Newcastle has a long history as a centre of international excellence in muscle disease diagnosis, care and research.
First established as the Muscular Dystrophy Laboratories at Newcastle General Hospital, the team here has grown over the years and now comprises a group of experts across many fields within muscular dystrophy who together form the John Walton Muscular Dystrophy Research Centre.
Whilst we are structured around five core areas of clinical care, diagnostics, basic research, clinical research and networks and collaborations it is the significant and important level of collaboration and linkage between these areas that is responsible for the success of the team as a whole.
One of the great strengths of the Centre is its multidisciplinary and cooperative approach, both within the team at Newcastle and with other leading experts around the world.
Genetic neuromuscular disease includes some very rare conditions and it is through establishing these partnerships that the biggest strides towards improving diagnosis, care and treatment for patients can be made.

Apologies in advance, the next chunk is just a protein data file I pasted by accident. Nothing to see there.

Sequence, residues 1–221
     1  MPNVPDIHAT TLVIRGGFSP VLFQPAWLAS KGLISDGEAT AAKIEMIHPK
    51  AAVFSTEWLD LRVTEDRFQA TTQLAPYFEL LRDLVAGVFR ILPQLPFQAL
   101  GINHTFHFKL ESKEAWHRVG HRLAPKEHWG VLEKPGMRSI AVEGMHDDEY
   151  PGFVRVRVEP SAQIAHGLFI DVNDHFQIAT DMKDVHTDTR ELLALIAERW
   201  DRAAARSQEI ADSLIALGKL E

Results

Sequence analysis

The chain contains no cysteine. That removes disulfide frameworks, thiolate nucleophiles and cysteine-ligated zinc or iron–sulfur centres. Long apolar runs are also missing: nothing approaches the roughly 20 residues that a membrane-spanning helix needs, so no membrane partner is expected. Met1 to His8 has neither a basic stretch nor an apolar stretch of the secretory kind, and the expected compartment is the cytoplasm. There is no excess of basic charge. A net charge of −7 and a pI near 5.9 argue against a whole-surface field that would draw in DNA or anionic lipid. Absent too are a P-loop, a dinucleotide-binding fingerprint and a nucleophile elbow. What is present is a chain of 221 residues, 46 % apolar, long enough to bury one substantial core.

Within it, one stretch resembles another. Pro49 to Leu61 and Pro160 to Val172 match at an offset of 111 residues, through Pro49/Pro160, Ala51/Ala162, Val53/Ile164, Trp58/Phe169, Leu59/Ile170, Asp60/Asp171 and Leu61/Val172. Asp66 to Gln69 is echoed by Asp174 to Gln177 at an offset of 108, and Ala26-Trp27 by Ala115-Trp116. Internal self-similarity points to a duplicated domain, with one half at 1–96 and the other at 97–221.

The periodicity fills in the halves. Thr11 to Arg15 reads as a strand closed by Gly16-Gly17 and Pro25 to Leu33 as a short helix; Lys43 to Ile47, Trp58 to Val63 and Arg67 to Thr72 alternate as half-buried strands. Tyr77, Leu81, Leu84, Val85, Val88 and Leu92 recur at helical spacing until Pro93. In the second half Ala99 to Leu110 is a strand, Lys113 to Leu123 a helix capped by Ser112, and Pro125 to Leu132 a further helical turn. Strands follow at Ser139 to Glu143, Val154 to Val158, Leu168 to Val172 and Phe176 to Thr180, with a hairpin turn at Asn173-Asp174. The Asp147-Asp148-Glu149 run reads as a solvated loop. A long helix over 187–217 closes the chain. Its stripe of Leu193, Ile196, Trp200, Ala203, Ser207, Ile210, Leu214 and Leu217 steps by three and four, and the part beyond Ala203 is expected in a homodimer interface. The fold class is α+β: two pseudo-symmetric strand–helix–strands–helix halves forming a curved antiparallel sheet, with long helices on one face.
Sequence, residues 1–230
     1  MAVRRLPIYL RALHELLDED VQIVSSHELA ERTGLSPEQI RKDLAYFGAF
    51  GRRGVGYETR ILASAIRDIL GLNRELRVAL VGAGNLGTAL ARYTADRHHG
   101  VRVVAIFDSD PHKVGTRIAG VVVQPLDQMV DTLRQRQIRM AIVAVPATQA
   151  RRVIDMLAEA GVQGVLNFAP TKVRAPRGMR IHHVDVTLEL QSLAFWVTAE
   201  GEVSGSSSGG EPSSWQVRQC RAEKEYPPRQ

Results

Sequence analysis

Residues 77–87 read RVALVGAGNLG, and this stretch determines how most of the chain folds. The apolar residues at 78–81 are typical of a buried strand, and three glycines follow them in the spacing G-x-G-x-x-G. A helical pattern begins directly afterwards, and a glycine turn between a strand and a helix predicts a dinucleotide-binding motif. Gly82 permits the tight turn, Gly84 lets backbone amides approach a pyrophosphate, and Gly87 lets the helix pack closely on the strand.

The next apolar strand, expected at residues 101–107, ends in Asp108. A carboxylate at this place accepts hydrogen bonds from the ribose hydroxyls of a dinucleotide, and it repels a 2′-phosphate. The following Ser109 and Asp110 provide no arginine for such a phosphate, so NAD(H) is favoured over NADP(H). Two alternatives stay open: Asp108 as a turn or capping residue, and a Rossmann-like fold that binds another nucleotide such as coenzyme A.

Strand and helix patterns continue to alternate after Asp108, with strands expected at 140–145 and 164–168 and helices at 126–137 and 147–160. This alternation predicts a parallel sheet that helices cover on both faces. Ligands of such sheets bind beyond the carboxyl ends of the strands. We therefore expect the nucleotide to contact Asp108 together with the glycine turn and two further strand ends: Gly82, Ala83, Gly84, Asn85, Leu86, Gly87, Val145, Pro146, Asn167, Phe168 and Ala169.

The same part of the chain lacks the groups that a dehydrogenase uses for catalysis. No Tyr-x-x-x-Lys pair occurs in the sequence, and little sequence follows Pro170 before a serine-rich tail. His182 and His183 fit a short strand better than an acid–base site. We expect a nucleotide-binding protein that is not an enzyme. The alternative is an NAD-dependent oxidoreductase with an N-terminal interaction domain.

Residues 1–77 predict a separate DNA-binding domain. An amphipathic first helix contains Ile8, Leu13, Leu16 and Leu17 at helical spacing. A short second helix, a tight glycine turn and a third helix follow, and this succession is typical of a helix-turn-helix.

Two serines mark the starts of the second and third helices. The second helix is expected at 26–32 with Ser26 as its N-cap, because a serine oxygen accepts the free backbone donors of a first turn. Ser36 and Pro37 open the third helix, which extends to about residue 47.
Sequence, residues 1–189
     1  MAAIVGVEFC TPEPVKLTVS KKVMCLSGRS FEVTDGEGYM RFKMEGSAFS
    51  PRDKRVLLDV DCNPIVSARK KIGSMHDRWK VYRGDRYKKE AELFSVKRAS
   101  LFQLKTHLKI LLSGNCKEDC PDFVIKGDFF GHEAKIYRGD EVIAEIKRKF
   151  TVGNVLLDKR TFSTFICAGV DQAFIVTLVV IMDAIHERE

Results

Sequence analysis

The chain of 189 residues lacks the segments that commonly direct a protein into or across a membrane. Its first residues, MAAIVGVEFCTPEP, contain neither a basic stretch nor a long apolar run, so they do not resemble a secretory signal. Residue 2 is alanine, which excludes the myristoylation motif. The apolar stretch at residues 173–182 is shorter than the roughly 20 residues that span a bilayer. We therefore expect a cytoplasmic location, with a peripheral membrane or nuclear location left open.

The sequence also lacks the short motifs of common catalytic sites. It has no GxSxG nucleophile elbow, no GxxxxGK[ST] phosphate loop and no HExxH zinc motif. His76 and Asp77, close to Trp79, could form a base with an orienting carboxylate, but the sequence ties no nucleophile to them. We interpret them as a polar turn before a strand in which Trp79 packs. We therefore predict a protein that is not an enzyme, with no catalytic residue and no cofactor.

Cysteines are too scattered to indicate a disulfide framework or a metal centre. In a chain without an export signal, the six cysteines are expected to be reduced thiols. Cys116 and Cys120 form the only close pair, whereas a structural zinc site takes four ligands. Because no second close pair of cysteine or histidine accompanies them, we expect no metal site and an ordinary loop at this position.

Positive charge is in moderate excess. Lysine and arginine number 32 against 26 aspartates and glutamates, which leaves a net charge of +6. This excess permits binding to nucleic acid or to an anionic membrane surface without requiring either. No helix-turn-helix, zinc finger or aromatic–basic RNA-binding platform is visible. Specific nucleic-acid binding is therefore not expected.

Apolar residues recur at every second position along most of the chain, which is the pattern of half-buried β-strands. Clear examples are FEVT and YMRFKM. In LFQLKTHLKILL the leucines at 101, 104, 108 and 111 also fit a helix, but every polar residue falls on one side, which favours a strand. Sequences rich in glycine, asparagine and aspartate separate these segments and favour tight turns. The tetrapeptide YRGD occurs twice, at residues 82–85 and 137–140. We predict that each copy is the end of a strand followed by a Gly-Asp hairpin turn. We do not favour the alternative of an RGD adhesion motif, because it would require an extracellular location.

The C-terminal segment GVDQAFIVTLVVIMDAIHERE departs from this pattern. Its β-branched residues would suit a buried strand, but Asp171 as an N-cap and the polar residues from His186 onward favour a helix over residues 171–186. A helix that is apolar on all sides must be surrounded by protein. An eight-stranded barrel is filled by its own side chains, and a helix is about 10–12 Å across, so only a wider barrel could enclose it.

The John Walton Muscular Dystrophy Research Centre team are members of the MRC Centre for Neuromuscular Diseases, a joint enterprise between University College London and Newcastle promoting translational research in neuromuscular diseases. The MRC Centre is a major source of support for activity in Newcastle, including the MRC Centre Biobank and for activities in magnetic resonance imaging (MRI). It also funds several PhD and clinical students in various disease areas.
In addition to this the team has, in the past five years, trained more than 20 visitors from five continents. Thanks to extensive international networking, in recent years the Centre has also become recognised for its leadership in the rare disease field more broadly and has become part of major global rare disease initiatives including the Global Alliance for Genomics and Health and the International Rare Diseases Research Consortium.
Professor Volker Straub leads the John Walton Muscular Dystrophy Research Centre and holds a joint appointment between Newcastle University and the NHS. With over 300 publications, Volker’s time is split between research and clinical commitments, all of which have a focus on neuromuscular disease whilst providing leadership across the five strands of the Centre.